Planning and statutory obligations
The result of the local authority search will confirm the authorised use of the building and any conditions on that use.
You must be satisfied that your proposed use is authorised by express planning consent or established use over 10 years with no enforcement proceedings.
If you intend to change the use of the property you should establish whether planning permission will be needed and whether it is likely to be obtained.
You must also comply with the specific user covenants in the Lease.
If you are planning any redevelopment of the property yourself be careful to check if planning permission will be required for the proposed works, the realistic prospects of obtaining any planning consent required and the likely time and costs that will be involved. Again you must also check the terms of the Lease to see if the proposed works are permitted or if Landlord’s consent will be required.
You should also satisfy yourself that any building works carried out by the landlord or a previous tenant in the last four years have been carried out pursuant to an express planning permission and in accordance with building regulations so that no enforcement action will be brought by the local authority.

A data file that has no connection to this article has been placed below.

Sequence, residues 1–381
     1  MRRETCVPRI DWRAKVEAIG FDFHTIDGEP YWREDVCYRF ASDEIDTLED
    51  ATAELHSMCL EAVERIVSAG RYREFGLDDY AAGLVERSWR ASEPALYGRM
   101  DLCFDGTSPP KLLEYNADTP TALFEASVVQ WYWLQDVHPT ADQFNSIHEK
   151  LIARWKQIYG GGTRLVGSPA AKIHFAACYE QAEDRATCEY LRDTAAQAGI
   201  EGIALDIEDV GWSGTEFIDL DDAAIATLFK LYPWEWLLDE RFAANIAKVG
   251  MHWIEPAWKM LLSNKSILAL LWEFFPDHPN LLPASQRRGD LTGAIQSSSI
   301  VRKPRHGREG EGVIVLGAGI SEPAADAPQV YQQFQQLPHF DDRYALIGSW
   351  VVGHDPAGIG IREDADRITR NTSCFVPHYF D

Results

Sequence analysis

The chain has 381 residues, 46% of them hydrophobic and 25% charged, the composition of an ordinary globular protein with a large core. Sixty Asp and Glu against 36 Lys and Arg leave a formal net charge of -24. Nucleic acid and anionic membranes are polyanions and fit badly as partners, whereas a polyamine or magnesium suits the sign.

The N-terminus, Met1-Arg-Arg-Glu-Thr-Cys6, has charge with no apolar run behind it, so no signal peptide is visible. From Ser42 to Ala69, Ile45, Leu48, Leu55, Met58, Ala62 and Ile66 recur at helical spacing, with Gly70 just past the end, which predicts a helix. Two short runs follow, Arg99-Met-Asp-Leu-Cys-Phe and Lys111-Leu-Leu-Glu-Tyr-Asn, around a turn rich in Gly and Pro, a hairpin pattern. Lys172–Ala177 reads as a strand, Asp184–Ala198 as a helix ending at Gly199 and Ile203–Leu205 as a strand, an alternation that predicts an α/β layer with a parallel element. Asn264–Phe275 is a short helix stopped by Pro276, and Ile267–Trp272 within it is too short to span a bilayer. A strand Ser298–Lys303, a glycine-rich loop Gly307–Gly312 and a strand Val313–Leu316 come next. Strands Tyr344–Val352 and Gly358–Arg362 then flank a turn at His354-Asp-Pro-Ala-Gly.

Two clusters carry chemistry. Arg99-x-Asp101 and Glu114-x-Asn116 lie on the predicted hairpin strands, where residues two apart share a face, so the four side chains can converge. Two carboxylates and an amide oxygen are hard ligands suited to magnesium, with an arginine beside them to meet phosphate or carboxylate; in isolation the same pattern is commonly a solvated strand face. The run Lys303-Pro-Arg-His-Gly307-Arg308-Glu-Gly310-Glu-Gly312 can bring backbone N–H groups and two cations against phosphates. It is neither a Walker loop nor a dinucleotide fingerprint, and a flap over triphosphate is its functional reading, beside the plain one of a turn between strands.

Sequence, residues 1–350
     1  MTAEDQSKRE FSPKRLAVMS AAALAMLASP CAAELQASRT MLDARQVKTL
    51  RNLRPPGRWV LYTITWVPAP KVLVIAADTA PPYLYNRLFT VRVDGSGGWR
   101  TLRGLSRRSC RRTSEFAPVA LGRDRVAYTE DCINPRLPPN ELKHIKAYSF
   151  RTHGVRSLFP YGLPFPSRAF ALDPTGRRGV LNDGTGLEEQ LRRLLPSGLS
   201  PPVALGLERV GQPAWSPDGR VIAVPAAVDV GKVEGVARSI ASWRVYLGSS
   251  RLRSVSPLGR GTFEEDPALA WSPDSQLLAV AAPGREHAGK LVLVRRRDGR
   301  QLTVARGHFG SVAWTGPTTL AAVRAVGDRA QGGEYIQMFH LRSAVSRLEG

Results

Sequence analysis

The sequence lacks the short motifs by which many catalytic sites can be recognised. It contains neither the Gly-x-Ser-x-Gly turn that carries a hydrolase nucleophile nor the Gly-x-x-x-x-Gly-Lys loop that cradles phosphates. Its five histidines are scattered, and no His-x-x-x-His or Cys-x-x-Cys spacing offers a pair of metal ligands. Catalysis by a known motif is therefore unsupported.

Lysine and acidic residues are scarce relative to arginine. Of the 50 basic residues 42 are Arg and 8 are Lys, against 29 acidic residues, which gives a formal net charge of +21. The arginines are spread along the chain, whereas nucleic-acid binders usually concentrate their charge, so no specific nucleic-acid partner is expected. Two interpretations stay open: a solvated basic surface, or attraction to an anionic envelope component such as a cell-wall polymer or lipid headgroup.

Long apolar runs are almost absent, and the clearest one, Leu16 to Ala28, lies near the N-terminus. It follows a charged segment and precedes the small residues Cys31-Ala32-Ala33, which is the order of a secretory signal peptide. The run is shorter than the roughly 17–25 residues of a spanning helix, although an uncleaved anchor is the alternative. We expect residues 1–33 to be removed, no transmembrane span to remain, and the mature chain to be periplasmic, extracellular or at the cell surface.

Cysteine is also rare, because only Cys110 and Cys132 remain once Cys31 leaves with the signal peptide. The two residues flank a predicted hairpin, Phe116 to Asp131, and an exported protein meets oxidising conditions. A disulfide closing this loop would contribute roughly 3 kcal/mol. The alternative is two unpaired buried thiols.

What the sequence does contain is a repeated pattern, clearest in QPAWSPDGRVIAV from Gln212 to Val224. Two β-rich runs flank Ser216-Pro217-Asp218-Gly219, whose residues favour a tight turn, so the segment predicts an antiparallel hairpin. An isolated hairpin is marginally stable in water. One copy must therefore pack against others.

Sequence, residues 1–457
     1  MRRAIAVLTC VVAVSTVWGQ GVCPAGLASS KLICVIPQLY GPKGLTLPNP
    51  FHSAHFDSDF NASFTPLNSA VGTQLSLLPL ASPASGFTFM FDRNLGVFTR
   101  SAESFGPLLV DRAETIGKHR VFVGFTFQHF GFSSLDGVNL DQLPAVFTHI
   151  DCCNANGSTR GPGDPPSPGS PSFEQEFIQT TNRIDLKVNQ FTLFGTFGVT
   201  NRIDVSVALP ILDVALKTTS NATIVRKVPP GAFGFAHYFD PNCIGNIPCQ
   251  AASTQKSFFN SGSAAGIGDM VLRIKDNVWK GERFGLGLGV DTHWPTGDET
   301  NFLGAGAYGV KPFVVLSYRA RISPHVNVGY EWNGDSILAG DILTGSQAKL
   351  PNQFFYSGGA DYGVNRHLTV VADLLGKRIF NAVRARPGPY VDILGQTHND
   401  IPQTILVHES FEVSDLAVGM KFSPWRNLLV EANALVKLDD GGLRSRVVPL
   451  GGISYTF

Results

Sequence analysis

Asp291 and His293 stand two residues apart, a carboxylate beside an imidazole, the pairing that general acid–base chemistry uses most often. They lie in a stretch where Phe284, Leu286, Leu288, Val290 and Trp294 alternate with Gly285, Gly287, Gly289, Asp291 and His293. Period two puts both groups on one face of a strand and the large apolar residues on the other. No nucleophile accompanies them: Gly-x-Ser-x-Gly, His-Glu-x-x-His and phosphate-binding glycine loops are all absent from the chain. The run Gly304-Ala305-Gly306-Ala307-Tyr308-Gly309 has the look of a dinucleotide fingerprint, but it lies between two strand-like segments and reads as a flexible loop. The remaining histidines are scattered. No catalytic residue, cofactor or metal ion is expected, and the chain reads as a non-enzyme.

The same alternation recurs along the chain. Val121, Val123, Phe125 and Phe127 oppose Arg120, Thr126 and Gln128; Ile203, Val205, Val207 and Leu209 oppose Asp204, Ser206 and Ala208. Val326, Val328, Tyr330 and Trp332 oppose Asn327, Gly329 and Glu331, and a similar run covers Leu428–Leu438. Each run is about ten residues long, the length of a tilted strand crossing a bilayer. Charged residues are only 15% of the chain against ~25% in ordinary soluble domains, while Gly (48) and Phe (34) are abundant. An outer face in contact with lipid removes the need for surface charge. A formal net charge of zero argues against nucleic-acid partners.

“Contaminated land” is defined in Part 2A of the Environmental Protection Act 1990 as any land which, by reason of substances in, on or under the land appears to be in such a condition that:
– significant harm to the environment or human health is being caused, or there is a significant possibility of such harm being caused; or water pollution is being or is likely to be caused.
The regime imposes an obligation on all local authorities to inspect their areas in order to identify any contaminated land.
Where land has been identified as contaminated land, the local authority is under an obligation to serve a remediation notice on the relevant appropriate persons requiring them to remediate the contamination. Sometimes the appropriate person can be the tenant even if the contamination pre-dated the tenant’s occupation.
It is for this reason that it is important to investigate the historic use of the premises (e.g. by obtaining an environmental search) or to negotiate lease terms which make it clear that you will not be held liable for any pre-existing contamination.
It is important that you are aware of your statutory obligations as a leasehold owner of commercial property. Some of the aspects to consider are as follows:-
- Disability Discrimination Act
- Construction (Design Management) Regulations
- Fire Regulations